The Disappearance of Emily Marr by Louise Candlish

Book Description:

Published: August 1, 2013

Format: Audio/OverDrive

A stunning story of secrets and scandal, identity and infidelity
 When Tabby Dewhurst arrives heartbroken and penniless on a picturesque, windswept island off the coast of France, her luck appears to change when she overhears a villager repeating aloud the access code to her front door. Hardly believing her own actions, Tabby waits for the woman to leave and then lets herself into the house. And so she enters the strange, hidden world of Emily Marr—or so her new friend introduces herself. Soon, however, Tabby forms suspicions about her new friend, suspicions that lead her back to England, and to revelations that will have explosive consequences for both of them.

Review –

Running from a broken relationship and low on cash, Tabby finds herself in a little village off the Coast of France. While wandering the streets wondering where she can sleep, she overhears an English woman repeating her access code to her apartment. As the woman appears to be heading off somewhere with a large bag, Tabby seizes the opportunity and lets herself in.

Meanwhile, the book splits into two stories, Tabby’s and the apartment owner’s, Emmie.
The two women become unexpected flatmates and unlikely friends. Emmie obviously has a story to tell but it is only through snooping and surfing the internet that Tabby can try to discover what is making her so reclusive and withdrawn.

The girl’s stories are set in both France and England and while there are some similarities in their lives, the reader starts to wonder if it’s a good thing that they met at all?

This is a wonderfully warm novel with a nice easy pace and enough bite to make you want to keep reading. The character of Emily Marr is well described and you genuinely feel like you may know her and why she chooses to disappear. The descriptions of her life before the disappearance are well thought out and give her some depth which I think is needed for the main storyline.

The character, Nina, is hateful. Angry, bitter and hell bent on revenge she doesn’t care who she mows down on the way. Her anger hops off the pages and becomes quite understandable as the story unfolds.

This is a great  read, full of surprises, wonderful writing and would be ideal for bookclub discussions. It also has Reading Group Questions at the end which is a nice bonus. The only fault I would have is the lack of description of the French island. I would have liked to get a bit more of the sense of the place, the smells, the sounds and the atmosphere. Other than that ,a great book with a surprising twist.

This mystery is sad yet intriguing, a definite page turner! This isn’t regular chick lit, it’s on a different level with the mystery angle.

Damaged (Rosato and DiNunzio #4) by Lisa Scottoline

Book Description:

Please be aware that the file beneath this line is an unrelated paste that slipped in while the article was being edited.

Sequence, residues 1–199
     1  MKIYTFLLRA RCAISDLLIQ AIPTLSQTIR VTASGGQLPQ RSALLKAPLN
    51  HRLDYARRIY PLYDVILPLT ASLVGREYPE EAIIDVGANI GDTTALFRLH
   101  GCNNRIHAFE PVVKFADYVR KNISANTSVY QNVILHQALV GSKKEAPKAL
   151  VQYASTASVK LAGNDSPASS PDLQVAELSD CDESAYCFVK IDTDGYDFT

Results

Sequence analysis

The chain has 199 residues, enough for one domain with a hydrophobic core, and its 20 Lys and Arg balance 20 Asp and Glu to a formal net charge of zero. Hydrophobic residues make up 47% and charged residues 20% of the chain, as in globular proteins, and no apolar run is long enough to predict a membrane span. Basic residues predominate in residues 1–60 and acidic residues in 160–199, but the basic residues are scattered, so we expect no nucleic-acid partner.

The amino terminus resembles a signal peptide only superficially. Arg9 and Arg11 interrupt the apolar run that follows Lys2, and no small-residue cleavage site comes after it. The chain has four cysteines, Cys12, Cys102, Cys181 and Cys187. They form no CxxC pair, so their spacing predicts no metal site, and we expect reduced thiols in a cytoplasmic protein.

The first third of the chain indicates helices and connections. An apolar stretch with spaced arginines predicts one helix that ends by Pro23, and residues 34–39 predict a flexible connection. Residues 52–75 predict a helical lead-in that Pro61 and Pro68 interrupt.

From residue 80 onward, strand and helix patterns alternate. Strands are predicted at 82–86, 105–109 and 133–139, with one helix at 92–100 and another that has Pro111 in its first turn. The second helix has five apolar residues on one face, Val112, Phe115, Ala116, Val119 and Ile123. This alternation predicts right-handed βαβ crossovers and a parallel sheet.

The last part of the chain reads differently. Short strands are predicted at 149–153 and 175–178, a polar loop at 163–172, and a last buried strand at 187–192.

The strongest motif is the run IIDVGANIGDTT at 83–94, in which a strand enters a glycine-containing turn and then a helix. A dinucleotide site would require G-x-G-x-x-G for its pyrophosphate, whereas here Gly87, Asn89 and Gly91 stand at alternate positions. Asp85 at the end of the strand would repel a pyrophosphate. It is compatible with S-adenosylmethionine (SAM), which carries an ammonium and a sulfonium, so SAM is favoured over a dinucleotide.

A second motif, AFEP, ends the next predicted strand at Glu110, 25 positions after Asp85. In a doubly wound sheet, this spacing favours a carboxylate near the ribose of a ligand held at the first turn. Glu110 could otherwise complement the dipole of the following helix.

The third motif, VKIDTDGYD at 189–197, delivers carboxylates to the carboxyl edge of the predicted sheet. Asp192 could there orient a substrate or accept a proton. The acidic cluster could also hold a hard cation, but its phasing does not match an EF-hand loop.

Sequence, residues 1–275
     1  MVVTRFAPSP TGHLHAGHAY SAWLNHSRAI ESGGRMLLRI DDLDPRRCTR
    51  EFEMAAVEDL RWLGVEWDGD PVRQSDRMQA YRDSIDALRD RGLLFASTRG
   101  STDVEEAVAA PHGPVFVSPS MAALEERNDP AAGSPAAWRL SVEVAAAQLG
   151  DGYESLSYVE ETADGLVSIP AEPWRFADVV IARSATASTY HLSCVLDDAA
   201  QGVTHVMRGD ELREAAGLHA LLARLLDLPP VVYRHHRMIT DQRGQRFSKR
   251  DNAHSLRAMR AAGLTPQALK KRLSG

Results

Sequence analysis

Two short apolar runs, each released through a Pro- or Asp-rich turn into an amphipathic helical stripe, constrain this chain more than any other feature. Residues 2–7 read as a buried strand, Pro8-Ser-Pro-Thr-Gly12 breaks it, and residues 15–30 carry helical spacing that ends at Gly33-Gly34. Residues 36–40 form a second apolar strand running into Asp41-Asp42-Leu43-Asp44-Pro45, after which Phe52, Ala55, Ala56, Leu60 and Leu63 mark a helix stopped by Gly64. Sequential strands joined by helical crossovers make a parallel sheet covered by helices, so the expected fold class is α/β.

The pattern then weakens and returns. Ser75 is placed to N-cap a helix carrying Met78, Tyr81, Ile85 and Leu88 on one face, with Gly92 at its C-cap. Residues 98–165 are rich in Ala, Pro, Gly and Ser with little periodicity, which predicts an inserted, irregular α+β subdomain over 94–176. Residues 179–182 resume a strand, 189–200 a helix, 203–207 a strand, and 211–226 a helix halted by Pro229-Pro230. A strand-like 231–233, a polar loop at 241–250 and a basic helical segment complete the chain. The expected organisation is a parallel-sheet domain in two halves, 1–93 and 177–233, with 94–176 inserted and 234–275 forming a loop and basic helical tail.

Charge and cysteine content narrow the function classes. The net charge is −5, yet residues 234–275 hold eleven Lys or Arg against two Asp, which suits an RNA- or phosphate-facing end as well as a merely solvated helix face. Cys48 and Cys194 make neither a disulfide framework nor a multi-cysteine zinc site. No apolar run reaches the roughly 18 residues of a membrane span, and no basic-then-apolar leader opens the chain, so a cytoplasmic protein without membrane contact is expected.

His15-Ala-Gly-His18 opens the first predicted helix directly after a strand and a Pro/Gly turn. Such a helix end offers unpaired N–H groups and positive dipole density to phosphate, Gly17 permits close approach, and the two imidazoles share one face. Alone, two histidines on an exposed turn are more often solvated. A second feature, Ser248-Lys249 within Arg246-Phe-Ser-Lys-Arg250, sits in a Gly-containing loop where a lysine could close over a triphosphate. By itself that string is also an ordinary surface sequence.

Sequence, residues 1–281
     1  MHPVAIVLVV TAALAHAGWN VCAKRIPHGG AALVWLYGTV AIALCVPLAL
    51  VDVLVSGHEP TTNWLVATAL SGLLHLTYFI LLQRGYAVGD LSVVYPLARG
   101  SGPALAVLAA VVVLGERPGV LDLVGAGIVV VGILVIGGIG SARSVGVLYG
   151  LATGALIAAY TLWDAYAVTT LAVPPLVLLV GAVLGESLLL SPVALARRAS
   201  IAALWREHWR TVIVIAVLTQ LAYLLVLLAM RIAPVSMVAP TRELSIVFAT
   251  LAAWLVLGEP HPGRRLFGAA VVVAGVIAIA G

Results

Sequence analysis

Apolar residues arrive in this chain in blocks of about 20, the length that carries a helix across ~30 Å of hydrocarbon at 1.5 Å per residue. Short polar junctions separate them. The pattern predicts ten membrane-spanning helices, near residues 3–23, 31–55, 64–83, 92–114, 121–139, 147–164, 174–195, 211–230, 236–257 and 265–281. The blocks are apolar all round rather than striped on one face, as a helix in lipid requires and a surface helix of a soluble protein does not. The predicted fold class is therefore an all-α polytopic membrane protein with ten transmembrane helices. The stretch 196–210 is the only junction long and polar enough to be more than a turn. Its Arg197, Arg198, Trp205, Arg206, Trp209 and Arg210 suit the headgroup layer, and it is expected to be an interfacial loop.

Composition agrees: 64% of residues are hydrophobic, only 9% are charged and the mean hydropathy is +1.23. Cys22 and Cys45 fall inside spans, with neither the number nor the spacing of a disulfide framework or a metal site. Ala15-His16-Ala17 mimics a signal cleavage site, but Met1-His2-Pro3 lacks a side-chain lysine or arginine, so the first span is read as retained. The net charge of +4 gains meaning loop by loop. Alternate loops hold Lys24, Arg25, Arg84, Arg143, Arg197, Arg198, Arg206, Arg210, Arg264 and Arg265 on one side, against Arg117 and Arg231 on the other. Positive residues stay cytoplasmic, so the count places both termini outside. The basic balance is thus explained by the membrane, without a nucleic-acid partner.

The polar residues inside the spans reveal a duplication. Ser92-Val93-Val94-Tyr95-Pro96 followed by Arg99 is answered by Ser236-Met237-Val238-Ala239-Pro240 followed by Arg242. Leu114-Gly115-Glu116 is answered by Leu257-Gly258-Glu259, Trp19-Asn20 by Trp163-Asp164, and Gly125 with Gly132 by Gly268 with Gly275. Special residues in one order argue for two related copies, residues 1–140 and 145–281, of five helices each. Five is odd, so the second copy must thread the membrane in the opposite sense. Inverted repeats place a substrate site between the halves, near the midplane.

Published: August 16, 2016

Format: Audio/OverDrive

Damaged finds Mary DiNunzio, partner at the all-female law firm of Rosato & DiNunzio, embroiled in one of her most heartbreaking cases yet. Suing the Philadelphia school district to get help for a middle school boy with emotional issues, Mary ends up becoming the guardian ad litem of her minor client. As she goes up against Nick Machiavelli, her opposing counsel and the dark prince of South Philly lawyers who will use any means necessary to defeat her, she becomes more and more invested in the case—and puts everything, including her engagement to her longtime boyfriend, on the line.

Review –

Mary DiNunzio, a partner in the Philadelphia law firm of Rosato & DiNunzio, takes on a heartbreaking case involving a dyslexic fifth grader, Patrick O’Brien, who’s bullied at school and is getting no support for his language disability. Patrick, who’s being raised by his paternal grandfather, allegedly attacked a school aid with scissors, and now the aid is suing both Patrick and the school board for damages. On the brink of her wedding to college professor Anthony Rotunno, Mary becomes emotionally attached to Patrick, more so than any previous client, and finds herself pitted against a diabolical attorney, Nick Machiavelli (aka the Dark Prince), who’s determined to win a settlement, despite the emotional cost to the 10-year-old boy. In her struggle to save Patrick, Mary finds herself fighting her associates, her fiancé, and social services. Tensions mount until the story concludes with a satisfying, unexpected twist. 

This was the fourth  book in the Rosato & DiNunzio series, and it’s an excellent addition to the series although it can certainly be read as a stand-alone novel. Damaged made an excellent addition to my Scottoline collection, and I highly recommend it!

Dare Me by Megan Abbott

Book Description:

Published:July 31,2012

Addy Hanlon has always been Beth Cassidy’s best friend and trusted lieutenant. Beth calls the shots and Addy carries them out, a long-established order of things that has brought them to the pinnacle of their high-school careers. Now they’re seniors who rule the intensely competitive cheer squad, feared and followed by the other girls — until the young new coach arrives.